RICHMOND -- About 25 residents, including organizers from Alliance of Californians for Community Empowerment (ACCE) and Richmond Mayor Gayle McLaughlin, staged a protest Thursday in a local resident's front yard to demand lenders slash principals for mortgage holders who owe more than their homes are worth.
"The (housing) crisis continues," McLaughlin said. "The banks created this, and the banks need to help keep our residents in their homes."
Thursday's protest was aimed to underscore the release of a new report on the effect of the housing crisis locally. Titled "The Wall Street Wrecking Ball: What Foreclosures Are Costing Richmond and What We Can Do About It," the report paints a grim picture of the local housing market, finding that 914 foreclosures were completed in 2012 and that more than 4,600 homeowners in the city are "underwater," or owe more than their property is worth.
The protest was held at the home of Juan Sandoval, a 45-year-old cable television technician. Sandoval said he bought his home for $310,000 in 2001. The value today is about $160,000, he said, far less than what he owes.
"We need some principal reduction," Sandoval said, adding that he is in deep debt supporting a home with his mother, his wife and three children. "The banks got the money from the government, so they should put some back into the community to help people stay in their houses."
Nationwide, some 2 million families are delinquent on their loans and 14 million are underwater on their mortgages, according to the report.
ACCE has been particularly critical of Wells Fargo in recent weeks, accusing the lender of being intransigent on deeper principal reductions.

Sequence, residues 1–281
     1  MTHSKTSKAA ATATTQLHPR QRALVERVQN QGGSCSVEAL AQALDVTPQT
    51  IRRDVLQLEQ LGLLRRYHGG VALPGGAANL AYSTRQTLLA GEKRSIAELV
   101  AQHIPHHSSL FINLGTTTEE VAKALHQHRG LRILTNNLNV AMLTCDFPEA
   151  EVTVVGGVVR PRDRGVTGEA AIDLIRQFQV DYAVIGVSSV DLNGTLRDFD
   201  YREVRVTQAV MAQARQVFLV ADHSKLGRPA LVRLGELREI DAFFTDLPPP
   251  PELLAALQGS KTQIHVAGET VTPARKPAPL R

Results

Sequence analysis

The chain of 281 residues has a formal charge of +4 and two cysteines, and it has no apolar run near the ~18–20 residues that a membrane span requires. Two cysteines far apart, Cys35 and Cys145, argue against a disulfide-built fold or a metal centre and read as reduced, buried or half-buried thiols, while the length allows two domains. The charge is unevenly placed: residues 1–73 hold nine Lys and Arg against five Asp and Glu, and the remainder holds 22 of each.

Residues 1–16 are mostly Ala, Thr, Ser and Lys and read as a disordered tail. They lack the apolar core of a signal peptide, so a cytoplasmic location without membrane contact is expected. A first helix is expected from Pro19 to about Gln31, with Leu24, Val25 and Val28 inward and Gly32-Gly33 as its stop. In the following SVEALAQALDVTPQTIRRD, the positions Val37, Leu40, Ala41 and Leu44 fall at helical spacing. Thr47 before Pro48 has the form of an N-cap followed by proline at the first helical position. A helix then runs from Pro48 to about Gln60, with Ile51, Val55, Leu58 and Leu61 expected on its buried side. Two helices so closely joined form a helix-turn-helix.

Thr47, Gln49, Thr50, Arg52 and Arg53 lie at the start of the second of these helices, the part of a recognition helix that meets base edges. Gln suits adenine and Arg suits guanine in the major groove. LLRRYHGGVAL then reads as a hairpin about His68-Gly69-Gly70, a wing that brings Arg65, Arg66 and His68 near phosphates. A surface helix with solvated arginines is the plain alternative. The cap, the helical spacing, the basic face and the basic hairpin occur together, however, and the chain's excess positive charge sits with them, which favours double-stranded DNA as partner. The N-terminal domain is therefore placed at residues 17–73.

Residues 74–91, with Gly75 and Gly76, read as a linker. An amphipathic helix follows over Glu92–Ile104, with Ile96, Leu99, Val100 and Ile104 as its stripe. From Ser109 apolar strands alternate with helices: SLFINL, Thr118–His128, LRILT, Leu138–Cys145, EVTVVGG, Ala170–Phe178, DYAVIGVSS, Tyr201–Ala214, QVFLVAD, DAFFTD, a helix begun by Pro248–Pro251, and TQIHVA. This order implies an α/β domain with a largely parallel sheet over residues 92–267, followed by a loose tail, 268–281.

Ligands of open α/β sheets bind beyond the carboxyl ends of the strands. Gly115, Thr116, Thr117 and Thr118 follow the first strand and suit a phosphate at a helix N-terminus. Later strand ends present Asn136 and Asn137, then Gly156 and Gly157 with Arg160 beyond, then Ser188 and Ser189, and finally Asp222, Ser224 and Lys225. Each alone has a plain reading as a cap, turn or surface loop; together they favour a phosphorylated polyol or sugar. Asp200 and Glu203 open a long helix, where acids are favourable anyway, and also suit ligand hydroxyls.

Wells Fargo spokeswoman Mariana Phipps on Thursday noted that the bank's foreclosure rate on home loans in California was 1.04 percent in the final quarter of 2012, less than half its national foreclosure rate.
"When our customers encounter financial hardships and face challenges with making their mortgage payments, we work hard to help them stay in their homes through modifications, principal reduction and other Wells Fargo and government-sponsored programs," Phipps said. "We help seven of 10 avoid foreclosure."
Officials at Chase Bank, another prominent local lender, could not be reached for comment.
The report says 230 homes are currently delinquent in mortgage payments and in danger of foreclosure.
The report estimates that if the 4,600 local mortgages were reduced to current market value, it would save each mortgage holder an average of more than $1,100 per month, giving a jolt to the local economy.
The protest follows a decision by the City Council on April 2 to contract with a firm that specializes in wresting concessions from mortgage holders, and the city has indicated that it may attempt to use the "public use" clause in eminent domain to compel banks to negotiate.
"The city is willing to pursue bold policies to protect our local residents," Councilwoman Jovanka Beckles said.